With this goal in mind, from June 8-11 the American Civil Liberties Union of Washington (ACLU-WA) and the Washington, D.C.-based Washington Office on Latin America (WOLA) sponsored a joint workshop in Seattle designed to bring together the leading scholars, analysts, and government officials working on implementing and monitoring cannabis policies across the hemisphere. Participants came from the U.S. states of Alaska, Colorado, Washington, Oregon, Vermont, California, and District of Columbia, as well as the countries of Canada, Colombia, Jamaica, Mexico, and Uruguay. Over three days, the workshop was marked by rich policy discussions, and resulted in a rigorous exchange outlining the current state of cannabis policy in the United States and abroad. This report is intended to help synthesize the debate during the workshop itself, as well as to inform future discussions as international momentum continues to build around cannabis legalization.

After a brief introduction of the global cannabis policy landscape, the workshop was comprised of four structured sessions and a final open session meant to summarize key conclusions that emerged from each preceding session. In order to create a confidential setting and to encourage candid discussion, the workshop was conducted under the Chatham House Rule,[2] under which participants may use the information received but may not reveal the identity nor the affiliation of the speaker or the participants at the meeting. Annexed to this report is a list of participants, excluding the names of those who, under Chatham House Rule, requested to remain anonymous. Also annexed is a collection of suggested readings provided to participants prior to the seminar.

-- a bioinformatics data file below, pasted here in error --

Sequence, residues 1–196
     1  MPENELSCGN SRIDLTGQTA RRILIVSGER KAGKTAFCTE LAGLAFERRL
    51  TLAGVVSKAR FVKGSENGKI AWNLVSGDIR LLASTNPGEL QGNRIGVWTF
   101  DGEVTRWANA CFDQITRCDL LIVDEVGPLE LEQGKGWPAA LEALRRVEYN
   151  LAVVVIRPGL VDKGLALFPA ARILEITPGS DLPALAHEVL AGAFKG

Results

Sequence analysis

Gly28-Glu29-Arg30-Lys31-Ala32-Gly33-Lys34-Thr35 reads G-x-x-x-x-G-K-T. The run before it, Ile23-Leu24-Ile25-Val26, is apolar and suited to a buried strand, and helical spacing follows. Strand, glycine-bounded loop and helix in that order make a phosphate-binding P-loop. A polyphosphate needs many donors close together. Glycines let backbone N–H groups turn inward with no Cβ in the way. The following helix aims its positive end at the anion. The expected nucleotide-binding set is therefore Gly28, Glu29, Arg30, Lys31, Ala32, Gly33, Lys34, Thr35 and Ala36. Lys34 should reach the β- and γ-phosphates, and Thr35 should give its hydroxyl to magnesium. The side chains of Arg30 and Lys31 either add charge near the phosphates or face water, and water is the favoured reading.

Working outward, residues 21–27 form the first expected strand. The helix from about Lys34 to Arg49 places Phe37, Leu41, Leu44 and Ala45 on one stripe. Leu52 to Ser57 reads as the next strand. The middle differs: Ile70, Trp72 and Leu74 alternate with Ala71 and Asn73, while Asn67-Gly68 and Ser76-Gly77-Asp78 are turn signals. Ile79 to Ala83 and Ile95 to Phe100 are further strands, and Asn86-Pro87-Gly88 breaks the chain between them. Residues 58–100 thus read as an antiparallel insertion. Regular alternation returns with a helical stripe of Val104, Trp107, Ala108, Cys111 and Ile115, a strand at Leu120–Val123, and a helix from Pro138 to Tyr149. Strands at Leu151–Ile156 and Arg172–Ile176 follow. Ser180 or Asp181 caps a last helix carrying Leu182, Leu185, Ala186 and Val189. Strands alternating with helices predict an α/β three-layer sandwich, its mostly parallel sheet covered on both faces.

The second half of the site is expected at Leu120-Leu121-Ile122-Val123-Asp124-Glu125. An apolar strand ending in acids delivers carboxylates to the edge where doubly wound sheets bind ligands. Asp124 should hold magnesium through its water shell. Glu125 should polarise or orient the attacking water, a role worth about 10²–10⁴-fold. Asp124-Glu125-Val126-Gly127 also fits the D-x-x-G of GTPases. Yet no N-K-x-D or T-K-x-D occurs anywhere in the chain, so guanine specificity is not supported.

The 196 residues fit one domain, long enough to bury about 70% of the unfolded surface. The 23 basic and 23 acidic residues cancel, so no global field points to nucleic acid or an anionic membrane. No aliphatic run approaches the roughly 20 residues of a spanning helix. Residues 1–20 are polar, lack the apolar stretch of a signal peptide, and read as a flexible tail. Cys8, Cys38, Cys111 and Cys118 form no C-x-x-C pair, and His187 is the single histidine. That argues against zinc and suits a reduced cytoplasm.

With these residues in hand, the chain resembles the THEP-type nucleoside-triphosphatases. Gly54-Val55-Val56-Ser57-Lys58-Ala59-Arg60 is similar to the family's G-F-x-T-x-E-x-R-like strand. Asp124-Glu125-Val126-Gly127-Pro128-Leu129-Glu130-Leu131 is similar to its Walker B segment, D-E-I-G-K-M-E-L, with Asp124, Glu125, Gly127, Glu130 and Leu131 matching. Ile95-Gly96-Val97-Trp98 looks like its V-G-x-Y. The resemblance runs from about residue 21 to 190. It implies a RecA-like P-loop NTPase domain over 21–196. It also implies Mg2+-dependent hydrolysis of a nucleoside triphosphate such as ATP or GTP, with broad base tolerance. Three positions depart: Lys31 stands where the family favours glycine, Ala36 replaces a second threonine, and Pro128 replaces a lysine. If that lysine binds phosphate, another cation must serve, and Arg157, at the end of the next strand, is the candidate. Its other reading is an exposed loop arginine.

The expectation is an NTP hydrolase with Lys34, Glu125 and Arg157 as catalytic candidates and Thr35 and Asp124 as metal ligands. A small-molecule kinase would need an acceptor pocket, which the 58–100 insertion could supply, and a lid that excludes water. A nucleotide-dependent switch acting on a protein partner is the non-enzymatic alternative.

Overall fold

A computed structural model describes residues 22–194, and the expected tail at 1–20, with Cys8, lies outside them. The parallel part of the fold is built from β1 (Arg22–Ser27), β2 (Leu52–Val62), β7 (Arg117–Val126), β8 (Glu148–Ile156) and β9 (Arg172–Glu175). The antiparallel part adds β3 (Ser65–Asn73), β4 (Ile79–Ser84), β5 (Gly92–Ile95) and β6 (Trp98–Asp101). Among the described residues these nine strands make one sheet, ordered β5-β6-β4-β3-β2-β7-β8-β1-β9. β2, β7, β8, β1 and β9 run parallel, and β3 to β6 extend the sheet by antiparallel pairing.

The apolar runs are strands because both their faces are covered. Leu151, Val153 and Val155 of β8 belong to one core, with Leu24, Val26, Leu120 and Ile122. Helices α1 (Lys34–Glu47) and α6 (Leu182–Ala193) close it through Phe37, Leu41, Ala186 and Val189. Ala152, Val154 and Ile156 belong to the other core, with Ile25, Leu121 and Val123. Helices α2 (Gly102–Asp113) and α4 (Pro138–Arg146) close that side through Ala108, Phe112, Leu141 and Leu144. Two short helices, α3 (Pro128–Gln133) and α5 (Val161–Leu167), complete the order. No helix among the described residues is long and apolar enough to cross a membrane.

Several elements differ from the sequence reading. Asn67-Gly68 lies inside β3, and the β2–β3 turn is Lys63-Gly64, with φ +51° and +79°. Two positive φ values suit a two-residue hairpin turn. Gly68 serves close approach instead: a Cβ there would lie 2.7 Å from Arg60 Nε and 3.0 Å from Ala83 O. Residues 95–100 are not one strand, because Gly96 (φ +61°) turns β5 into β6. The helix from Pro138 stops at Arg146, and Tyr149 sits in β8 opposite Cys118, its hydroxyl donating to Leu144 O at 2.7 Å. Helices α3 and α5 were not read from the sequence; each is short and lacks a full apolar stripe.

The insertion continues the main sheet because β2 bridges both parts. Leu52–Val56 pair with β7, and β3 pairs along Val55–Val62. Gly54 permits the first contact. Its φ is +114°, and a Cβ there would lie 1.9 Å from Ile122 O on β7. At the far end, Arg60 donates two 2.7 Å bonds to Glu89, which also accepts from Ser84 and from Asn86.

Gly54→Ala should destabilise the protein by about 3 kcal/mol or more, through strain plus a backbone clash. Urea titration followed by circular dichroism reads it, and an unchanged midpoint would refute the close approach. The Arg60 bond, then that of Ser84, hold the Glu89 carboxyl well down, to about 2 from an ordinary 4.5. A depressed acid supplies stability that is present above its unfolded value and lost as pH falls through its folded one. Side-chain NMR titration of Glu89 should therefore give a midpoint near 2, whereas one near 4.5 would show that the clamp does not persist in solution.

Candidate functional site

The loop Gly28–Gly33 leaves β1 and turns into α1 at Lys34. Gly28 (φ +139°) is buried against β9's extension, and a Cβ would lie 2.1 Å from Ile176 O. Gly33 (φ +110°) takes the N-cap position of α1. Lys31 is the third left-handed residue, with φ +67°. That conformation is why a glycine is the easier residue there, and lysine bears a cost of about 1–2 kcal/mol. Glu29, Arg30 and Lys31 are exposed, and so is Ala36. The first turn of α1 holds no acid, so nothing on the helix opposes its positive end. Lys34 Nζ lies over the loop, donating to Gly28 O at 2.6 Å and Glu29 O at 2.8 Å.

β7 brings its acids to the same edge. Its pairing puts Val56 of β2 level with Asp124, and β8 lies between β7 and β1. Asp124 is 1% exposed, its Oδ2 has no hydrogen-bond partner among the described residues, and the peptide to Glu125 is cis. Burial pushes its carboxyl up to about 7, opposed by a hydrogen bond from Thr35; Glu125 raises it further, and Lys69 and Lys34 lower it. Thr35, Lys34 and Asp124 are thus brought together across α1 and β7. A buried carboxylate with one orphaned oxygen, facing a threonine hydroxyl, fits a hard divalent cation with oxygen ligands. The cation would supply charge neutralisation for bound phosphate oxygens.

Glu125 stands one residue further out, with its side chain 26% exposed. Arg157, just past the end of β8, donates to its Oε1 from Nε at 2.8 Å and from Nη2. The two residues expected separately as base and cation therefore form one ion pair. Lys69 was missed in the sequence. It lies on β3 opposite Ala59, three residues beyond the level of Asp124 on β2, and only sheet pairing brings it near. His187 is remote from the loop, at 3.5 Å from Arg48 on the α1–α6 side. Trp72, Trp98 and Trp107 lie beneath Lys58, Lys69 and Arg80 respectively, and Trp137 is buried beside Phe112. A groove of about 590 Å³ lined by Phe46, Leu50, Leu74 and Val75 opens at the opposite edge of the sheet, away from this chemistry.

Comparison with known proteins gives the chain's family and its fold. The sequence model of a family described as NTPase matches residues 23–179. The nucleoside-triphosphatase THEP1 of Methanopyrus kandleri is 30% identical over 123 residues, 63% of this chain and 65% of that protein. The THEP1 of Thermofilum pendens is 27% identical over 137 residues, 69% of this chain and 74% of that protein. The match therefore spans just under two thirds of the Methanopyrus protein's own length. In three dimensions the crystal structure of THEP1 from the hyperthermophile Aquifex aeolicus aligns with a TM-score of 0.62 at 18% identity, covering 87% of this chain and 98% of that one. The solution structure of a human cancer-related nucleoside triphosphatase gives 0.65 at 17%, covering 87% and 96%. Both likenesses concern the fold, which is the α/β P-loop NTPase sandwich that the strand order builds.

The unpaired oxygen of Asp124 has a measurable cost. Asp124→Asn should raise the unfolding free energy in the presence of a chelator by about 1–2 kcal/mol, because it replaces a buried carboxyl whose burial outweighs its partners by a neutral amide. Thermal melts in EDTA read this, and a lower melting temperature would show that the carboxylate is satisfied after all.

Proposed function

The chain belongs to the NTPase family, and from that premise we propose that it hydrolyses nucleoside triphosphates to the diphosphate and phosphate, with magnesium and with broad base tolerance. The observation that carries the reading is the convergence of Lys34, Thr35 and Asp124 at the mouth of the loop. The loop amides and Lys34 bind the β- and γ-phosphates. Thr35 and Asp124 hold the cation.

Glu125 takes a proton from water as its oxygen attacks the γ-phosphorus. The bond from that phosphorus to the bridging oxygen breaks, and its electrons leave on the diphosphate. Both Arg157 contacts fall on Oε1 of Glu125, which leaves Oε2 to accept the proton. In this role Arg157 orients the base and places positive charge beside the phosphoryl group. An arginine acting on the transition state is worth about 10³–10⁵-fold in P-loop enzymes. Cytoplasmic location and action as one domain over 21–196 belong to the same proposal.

The first session looked at the state of cannabis laws and regulatory systems; the second discussed cannabis policy from a public health perspective; the third explored the intersection of cannabis policy and public security; the fourth focused on regulating cannabis markets in the public interest; and the final session—meant to identify challenges, lessons learned, and recommendations coming out of the previous sessions—led to a diverse discussion of the necessary “next steps” in laying out a research and regulatory agenda on effective and informed cannabis policy.

Read the full Rapporteur’s Report.

[1]Washington Post, “A majority favors marijuana legalization for first time, according to nation’s most authoritative survey,” March 4, 2015. http://www.washingtonpost.com/blogs/wonkblog/wp/2015/03/04/majority-of-americans-favor-marijuana-legalization-for-first-time-according-to-the-nations-most-authoritative-survey/

[2]“When a meeting, or part thereof, is held under the Chatham House Rule, participants are free to use the information received, but neither the identity nor the affiliation of the speaker(s), nor that of any other participant, may be revealed.” Chatham House, the Royal Institute of International Affairs (1927). http://www.chathamhouse.org/about/chatham-house-rule.